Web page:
I'll start at the beginning.
When I was just a baby, my mother was taking college classes to learn ASL, or American Sign Language. She was determined that I would know it, so she immersed me in a world of both visual and audio cues. By my first birthday, I didn't cry for something.
By two and a half, I knew over forty signs. By then, my verbal vocabulary had surpassed my ASL, but both were still very good.
But at three years old, I began to change.
It was a slow process at first, my shying away from everyone, including my parents. I still seemed friendly enough, though, so I got away with it.
But at the same time, I was teaching myself to read.
At three years old, I could already read the Berenstain Bears to myself. In preschool, when the other kids wanted a story read to them, the teachers let me do it. My favorite involved Blue, from Blue's Clues, getting ready for bed.
At four, my memory started to work in an almost magical way. For example, I still remember one very funny story.
It was my brother's birthday, mid-August. My mom had no clue what to get him, so around noon(and I distinctly remember seeing the clock at around 11:36) we drove down the highway to the town's bike shop. Mom bought him a single pair of gloves, black ones with no fingers. I've never paid attention to brand names, though, so I don't know that for sure.
On the way home, as we were about to pass the day care, Mom suddenly told me that my brother had that exact pair of gloves. But it was too late to turn around, so we just continued home.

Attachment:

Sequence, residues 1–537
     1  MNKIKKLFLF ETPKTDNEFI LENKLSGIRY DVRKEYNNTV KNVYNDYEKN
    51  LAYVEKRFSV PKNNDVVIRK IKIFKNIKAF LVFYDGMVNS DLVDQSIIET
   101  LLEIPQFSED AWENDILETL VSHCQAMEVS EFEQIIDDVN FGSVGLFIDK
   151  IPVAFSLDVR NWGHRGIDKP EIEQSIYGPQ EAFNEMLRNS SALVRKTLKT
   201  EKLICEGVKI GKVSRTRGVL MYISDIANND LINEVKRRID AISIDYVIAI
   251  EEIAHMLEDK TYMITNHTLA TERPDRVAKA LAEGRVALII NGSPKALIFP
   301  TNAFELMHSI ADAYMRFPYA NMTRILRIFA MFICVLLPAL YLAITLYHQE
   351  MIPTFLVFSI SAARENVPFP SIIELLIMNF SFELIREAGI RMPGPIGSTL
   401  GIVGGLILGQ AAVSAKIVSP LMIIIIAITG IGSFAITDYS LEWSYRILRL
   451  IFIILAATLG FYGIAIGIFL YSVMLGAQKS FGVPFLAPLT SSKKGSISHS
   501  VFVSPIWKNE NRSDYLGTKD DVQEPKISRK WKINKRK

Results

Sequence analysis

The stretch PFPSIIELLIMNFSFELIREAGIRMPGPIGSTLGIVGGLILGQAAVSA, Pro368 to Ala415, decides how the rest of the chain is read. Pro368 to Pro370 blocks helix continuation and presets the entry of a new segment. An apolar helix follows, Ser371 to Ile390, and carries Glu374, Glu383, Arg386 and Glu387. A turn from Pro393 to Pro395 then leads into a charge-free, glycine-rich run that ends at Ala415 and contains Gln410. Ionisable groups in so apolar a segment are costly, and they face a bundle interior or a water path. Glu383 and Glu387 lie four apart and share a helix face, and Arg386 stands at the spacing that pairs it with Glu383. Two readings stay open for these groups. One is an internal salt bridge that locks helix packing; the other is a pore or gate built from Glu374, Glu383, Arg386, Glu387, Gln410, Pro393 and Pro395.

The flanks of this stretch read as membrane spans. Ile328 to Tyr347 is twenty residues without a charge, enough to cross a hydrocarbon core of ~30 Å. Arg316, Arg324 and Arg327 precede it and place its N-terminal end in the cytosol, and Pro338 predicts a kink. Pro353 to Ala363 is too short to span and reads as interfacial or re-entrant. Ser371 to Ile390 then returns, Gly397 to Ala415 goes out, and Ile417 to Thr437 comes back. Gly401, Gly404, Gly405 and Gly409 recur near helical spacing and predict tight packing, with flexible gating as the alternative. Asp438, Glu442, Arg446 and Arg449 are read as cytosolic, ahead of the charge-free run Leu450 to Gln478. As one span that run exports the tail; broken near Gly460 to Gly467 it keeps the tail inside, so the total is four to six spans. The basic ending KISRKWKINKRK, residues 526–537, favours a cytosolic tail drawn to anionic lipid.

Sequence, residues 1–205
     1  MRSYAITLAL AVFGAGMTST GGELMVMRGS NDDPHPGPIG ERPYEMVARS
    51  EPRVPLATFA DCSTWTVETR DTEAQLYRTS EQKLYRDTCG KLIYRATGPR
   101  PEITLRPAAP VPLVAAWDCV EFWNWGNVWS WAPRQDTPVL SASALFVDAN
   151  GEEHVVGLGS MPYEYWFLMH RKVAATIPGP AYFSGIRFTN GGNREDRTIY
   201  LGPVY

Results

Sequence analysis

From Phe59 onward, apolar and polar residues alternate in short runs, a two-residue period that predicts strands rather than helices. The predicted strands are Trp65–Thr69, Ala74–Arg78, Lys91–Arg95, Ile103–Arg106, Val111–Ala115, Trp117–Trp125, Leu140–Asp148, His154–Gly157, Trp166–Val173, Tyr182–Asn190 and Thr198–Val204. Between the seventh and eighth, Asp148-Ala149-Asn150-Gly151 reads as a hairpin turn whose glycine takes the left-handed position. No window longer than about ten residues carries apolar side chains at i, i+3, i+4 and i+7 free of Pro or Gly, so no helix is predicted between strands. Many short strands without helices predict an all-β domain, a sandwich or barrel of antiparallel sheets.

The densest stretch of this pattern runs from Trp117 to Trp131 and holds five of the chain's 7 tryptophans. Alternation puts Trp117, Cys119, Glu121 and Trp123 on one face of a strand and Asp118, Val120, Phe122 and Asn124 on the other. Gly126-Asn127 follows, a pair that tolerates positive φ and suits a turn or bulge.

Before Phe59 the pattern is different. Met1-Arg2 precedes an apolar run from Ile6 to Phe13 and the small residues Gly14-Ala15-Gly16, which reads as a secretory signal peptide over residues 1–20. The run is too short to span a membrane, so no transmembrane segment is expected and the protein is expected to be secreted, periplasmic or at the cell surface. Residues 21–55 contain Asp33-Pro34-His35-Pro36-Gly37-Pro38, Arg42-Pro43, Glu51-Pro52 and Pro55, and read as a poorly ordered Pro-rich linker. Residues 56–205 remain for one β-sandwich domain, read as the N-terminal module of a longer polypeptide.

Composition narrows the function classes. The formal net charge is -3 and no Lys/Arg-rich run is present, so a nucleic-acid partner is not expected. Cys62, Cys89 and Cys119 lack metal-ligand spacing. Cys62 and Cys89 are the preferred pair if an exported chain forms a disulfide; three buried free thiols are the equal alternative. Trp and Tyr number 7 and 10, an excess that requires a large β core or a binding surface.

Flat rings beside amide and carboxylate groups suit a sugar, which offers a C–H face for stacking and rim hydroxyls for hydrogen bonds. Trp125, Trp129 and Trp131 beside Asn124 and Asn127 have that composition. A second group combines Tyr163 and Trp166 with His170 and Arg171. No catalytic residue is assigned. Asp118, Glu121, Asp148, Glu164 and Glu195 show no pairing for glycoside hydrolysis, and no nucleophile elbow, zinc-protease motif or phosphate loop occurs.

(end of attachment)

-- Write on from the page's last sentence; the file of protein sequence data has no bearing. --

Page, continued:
As it turns out, he did have that exact same pair, but they were at least a year old and kind of junky. He was plenty glad to have new ones.
These kinds of things continued to happen. But then comes the story of how I tried to skip school in kindergarten because of finger painting.
You read that right.
Why, do you ask, would a four-year-old hate finger painting? Let me explain.
I've always been very hypersensitive to touch. So any sort of tactile experience could make me cry. Paint on my hands? That was automatic torture.
So my mom arranged for me to be allowed to use a paintbrush after I had cried for half an hour and made myself sick.
Simple solution, right? The solution had never crossed my mind. I had shut down all rational thinking the minute I learned we were finger painting.
You may now laugh at me. Go ahead. I know you want to. But please remember that I was extremely different back then. And even now, we've just found out about autism.
I'm ready to laugh at it myself.